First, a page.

A Christianity that “works” – response to the “non-response”

I’ve been accused in quarters anonymous of not really responding to Bobbi’s question because I did not directly address her final question – “When asked these questions, what will you say?” There are several reasons I chose not to respond to this particular question, and hopefully I can explain them here briefly.

First, I believe we live in a culture (and especially a Christian culture) that is obsessed with answers. Often we aren’t really interested in understanding the nuances and issues behind someone’s objections and questions, we simply want a talking point, ten word answer to the question so that we can spout it off and move on. When we are faced with charges of being racist, it’s easier to fire back with a quick retort than it is to actually examine and acknowledge the shortcomings of our own positions and actions. Jesus, I think, encountered the same attitude in Scripture, with people wanting checklists of what they needed to do. Jesus responds to a litany of questions regarding specifics of how we should act with two commands: love God with all you have, and love your neighbor as yourself. My hope is not that my answers to the question would become everyone’s answers to the question, but that we would all begin to think about how we will answer the question. Only when we encourage a culture of thinking about questions instead of answering them will we make any progress in finding real answers, as opposed to advertising slogans.

Second, as I mentioned in the first response, I don’t think there are simple or singular answers to any of the questions I posed. In particular, one thing I mean by that is that my response to any of those questions would be heavily influenced by the person asking the question. Are they female? a minority? an atheist? Trying to formulate a response without knowing the audience, especially with questions as richly textured as these is difficult at best, dangerous at worst. If we do not address these questions on a personal level with those who ask them, we are missing the entire point of the issues raised in many of the questions to begin with.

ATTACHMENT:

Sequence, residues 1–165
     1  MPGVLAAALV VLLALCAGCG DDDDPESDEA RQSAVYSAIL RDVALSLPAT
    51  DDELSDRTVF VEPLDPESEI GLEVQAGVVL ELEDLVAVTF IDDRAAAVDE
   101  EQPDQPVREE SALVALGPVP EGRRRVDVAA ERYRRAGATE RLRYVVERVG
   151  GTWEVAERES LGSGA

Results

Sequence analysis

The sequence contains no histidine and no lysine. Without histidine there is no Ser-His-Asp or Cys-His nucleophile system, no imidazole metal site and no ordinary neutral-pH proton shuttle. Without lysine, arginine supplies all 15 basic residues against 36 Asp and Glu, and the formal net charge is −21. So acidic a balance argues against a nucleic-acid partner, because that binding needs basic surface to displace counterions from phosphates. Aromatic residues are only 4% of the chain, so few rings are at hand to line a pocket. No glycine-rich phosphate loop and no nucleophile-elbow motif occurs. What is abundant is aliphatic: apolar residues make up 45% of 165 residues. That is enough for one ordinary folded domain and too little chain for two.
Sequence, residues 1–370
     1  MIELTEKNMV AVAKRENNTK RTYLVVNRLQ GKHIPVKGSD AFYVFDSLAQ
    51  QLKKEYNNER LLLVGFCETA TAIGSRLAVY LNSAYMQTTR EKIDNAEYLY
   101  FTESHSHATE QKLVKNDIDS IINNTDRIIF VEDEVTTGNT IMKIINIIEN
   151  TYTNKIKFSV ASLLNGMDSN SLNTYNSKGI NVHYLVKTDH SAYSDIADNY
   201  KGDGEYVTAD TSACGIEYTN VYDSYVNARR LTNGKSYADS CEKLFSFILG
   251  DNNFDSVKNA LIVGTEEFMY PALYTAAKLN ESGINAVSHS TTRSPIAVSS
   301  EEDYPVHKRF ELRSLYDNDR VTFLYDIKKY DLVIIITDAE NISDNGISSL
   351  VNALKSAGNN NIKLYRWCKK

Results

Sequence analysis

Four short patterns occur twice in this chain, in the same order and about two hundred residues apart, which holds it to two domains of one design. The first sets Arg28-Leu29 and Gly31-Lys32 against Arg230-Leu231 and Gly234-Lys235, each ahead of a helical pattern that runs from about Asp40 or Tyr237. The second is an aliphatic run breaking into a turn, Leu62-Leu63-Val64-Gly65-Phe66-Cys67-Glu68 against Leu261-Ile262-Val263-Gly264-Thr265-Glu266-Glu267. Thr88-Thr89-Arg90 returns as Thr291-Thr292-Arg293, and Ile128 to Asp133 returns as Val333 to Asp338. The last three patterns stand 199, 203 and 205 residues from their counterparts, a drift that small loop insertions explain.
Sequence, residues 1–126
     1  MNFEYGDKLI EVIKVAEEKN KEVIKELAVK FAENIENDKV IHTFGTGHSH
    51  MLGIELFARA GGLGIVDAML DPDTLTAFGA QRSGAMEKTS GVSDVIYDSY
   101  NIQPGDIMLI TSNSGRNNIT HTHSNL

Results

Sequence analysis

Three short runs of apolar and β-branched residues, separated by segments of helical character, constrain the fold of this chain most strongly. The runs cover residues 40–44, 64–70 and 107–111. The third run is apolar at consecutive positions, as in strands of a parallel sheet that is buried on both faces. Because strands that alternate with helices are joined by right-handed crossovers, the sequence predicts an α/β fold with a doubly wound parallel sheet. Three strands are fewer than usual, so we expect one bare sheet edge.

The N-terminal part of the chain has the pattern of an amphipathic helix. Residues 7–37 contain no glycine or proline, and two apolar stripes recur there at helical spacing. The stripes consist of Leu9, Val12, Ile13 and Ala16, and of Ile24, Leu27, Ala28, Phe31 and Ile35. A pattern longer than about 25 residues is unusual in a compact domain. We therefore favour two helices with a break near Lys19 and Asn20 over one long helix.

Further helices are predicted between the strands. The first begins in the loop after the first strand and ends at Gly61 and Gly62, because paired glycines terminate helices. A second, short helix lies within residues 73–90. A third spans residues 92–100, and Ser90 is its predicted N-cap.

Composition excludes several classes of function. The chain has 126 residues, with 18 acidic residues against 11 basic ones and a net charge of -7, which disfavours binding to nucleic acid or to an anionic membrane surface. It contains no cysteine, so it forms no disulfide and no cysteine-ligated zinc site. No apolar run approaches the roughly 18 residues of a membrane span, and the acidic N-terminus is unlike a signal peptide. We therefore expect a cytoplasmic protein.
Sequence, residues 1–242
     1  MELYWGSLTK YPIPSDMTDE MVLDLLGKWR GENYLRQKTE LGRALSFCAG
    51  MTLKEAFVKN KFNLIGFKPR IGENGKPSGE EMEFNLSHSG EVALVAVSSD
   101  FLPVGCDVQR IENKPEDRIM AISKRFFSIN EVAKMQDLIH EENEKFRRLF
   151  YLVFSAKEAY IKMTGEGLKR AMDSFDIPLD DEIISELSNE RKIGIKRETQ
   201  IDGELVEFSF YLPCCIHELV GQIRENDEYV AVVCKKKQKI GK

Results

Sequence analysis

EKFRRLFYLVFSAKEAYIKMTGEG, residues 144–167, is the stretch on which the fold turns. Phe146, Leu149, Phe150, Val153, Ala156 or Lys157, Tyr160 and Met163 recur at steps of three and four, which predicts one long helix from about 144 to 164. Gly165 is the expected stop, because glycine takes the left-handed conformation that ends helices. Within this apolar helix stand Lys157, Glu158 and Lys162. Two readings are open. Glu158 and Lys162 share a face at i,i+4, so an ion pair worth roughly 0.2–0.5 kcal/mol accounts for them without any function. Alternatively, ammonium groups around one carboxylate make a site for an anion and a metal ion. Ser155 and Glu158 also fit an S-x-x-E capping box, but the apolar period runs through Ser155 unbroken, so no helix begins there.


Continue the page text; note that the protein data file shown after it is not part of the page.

Finally, while the objections I raised are, in some sense, more concrete than the underlying point of my original post, I don’t feel they were really what the first post was about. For many of the questions, the first answer is that we are, at least partially, guilty as charged. I don’t believe it’s fair to say that we are *as* guilty as charged, but there is at least some reality to all of the questions asked. However, the greater issue which I hoped to raise with the original post was not whether we were homophobic and racist or not, but how closely or not our actual practice lines up with our stated theology. Any weak paradigm will manifest itself in dysfunctional practice. I believe that in many ways recent cracks in the “religious right” – excessive Christian divorce rates, highly publicized crises involving influential pastors in large evangelical churches, a perceived lack of compassion related to issues like the death penalty, homosexuality and the war, and a wide variety of other issues point not simply to imperfect individuals within a system, but endemic weakness in the system itself. If Christianity is to contend as a viable paradigm going forward, then we must examine our current system, and reform it into a system that “practices what it preaches”.

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